CORDOVA, Tenn. - A health insurance provider is causing problems for at least one Mid-South family trying to schedule and visit local specialists.
Jane Iley is new to the public healthcare system.
For years, she and her husband, Dan, had insurance through their respective jobs. Mr. Iley was a firefighter in Memphis; he’s now a contractor for the area.
But life threw some curveballs for the family this past year: a lost job for Jane and the Iley family had to get new insurance through the portal.
“We chose the gold plan, which is supposed to be the best plan they have,” Jane Iley said.
The gold plan with Ambetter is costing the Iley family close to $2,100 per month – or a little under to $25,000 for the entire year.
There was a reason, Jane said, for wanting that plan: lower deductibles and more doctors. Last year, she began having problems in her midsection.
There has been no diagnosis yet; she’s still getting MRIs and seeing specialists.
“If she had something catastrophic wrong with her and we had to pay out of pocket and she had a major surgery, that could affect us financially,” said Dan Iley.
More unforeseen issues for the Ileys
The Ileys signed up for insurance in December.
After signing up for insurance, Jane ran into other unforeseen issues in the new year. She said she found a lack of doctors accepting insurance in Shelby County.
The Cordova woman is currently paying for her insurance – premium and all – and seeing specialists, but paying out of pocket.
Jane said since Jan. 1, she has spent two to three hours on multiple days over the past two weeks on the phone calling doctors listed on the Ambetter website, but to no avail.
“When I started scheduling my doctors’ appointments, nobody accepted the insurance,” Jane Iley said in an interview with FOX13 Investigates on Tuesday. “We paid $2,100 for this insurance and we can’t use it.”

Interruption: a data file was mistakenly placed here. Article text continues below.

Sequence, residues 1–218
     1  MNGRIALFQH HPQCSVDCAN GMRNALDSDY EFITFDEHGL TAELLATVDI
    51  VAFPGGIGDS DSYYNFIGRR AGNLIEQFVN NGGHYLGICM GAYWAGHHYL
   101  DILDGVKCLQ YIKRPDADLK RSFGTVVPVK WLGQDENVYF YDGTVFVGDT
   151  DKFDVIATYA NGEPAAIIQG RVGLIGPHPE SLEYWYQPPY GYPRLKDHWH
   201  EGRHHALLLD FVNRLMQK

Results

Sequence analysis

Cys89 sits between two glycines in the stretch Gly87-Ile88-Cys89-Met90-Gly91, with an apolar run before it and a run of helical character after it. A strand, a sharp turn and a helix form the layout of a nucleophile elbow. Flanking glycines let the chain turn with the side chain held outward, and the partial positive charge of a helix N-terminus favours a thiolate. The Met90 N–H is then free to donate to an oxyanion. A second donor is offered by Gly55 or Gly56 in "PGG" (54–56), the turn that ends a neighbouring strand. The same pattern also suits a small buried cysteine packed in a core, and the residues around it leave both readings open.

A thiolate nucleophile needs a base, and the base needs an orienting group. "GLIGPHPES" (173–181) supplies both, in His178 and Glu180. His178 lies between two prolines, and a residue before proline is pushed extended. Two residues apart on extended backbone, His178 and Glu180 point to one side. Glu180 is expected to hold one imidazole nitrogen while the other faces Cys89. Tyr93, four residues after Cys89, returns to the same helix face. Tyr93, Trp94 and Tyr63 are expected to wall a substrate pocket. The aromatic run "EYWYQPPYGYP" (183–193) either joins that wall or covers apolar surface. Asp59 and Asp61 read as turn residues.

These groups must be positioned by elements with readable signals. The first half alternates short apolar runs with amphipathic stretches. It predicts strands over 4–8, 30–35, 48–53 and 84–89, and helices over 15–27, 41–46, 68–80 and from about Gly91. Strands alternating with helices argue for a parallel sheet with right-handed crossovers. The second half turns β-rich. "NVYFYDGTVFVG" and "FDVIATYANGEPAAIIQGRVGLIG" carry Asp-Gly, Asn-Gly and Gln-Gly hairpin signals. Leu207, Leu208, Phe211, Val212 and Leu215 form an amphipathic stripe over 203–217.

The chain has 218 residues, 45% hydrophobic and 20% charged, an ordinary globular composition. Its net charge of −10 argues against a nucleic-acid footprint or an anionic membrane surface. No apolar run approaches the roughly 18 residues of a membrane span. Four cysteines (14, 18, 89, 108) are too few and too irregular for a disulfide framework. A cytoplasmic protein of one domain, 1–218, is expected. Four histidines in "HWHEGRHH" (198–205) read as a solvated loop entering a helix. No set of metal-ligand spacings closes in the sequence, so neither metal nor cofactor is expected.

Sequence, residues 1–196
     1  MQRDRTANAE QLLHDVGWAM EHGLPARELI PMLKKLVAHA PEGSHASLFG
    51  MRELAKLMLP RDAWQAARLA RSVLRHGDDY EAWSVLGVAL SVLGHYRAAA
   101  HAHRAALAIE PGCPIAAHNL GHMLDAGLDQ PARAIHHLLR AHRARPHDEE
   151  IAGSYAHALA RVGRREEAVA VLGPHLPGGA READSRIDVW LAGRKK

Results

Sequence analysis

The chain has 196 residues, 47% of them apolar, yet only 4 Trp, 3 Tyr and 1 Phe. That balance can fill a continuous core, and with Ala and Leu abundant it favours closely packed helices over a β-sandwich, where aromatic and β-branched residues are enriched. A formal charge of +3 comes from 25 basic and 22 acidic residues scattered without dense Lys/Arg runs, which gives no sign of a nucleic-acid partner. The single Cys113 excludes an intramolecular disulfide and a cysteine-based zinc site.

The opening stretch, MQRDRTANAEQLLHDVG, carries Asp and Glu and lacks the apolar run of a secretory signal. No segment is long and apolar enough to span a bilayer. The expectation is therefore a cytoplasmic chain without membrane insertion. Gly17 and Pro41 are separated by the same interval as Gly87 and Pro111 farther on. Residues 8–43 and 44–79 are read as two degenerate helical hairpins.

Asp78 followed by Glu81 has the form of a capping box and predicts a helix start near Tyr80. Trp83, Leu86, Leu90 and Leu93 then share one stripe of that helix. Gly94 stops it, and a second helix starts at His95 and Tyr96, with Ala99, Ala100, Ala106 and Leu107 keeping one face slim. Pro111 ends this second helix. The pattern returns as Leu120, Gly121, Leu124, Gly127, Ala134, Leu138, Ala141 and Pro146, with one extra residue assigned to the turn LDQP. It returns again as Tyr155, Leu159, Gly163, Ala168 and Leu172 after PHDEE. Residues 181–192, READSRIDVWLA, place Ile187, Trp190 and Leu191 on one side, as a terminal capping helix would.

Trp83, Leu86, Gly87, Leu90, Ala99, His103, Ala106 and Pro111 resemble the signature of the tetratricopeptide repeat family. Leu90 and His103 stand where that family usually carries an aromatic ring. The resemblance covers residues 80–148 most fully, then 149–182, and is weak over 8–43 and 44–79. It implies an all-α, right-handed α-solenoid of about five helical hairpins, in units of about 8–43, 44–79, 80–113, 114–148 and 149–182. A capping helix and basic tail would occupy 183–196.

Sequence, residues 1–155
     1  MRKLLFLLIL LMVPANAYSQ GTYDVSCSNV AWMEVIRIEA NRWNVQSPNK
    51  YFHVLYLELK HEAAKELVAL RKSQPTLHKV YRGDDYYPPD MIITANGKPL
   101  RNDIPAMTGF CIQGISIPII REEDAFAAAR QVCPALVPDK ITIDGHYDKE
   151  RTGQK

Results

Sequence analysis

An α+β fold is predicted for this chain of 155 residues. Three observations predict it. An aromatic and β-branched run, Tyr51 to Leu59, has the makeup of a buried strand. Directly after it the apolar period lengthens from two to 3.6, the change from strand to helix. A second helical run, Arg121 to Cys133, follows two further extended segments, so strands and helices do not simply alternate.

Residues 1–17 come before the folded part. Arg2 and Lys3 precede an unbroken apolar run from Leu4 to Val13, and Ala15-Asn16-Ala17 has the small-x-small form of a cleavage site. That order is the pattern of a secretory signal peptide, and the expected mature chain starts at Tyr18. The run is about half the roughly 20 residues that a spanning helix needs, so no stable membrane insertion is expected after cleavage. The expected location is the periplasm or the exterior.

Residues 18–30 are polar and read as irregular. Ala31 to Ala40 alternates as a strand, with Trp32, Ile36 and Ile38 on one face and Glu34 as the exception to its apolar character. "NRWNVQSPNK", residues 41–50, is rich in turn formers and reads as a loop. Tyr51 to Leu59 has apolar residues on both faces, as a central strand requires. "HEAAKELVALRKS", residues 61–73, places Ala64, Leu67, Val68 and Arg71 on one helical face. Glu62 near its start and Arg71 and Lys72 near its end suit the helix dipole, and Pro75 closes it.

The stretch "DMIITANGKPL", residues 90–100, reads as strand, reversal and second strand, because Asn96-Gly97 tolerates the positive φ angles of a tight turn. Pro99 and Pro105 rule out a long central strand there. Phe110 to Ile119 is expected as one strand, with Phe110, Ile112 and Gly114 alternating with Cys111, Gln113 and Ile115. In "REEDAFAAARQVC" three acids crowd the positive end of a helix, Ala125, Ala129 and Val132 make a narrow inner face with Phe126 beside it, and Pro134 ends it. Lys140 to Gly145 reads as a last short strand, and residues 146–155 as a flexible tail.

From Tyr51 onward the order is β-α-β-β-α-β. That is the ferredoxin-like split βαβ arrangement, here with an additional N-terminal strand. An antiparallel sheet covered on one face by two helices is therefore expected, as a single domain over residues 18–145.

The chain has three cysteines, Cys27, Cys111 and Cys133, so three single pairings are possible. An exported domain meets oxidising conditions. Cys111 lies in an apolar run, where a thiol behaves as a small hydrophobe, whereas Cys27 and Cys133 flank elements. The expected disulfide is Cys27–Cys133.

Doctors listed incorrectly; not accepting Ambetter
FOX13 started researching specialists in the area on Ambetter’s website; issues arose immediately.
Our team found Dr. Paul Neblett on a list of OBGYN doctors on Ambetter’s website. The website listed him as working for Baptist Memorial Medical Group, along with a phone number, which is the number for Baptist Memorial Hospital for Women.
But looking further, Dr. Neblett works for Mid-South OBGYN.
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A receptionist answering the phone for this obstetrics and gynecology office said the doctors and the office do not accept Ambetter insurance.
So far, FOX13 found similar issues on Ambetter’s website: at least five OBGYN doctors listed as part of Baptist Memorial that didn’t accept Ambetter’s insurance.
Kim Alexander, a spokesperson for Baptist, said that not all Baptist-affiliated medical groups are employed by the hospital.
“Groups that aren’t employed by Baptist can practice at our hospitals and lease space in our physician’s office buildings,” wrote Alexander in an email. “These groups can choose which insurance plans they accept.”
FOX13 brought a separate doctor to the attention of Baptist during our investigation.
Alexander said the hospital informed Ambetter of its mistake.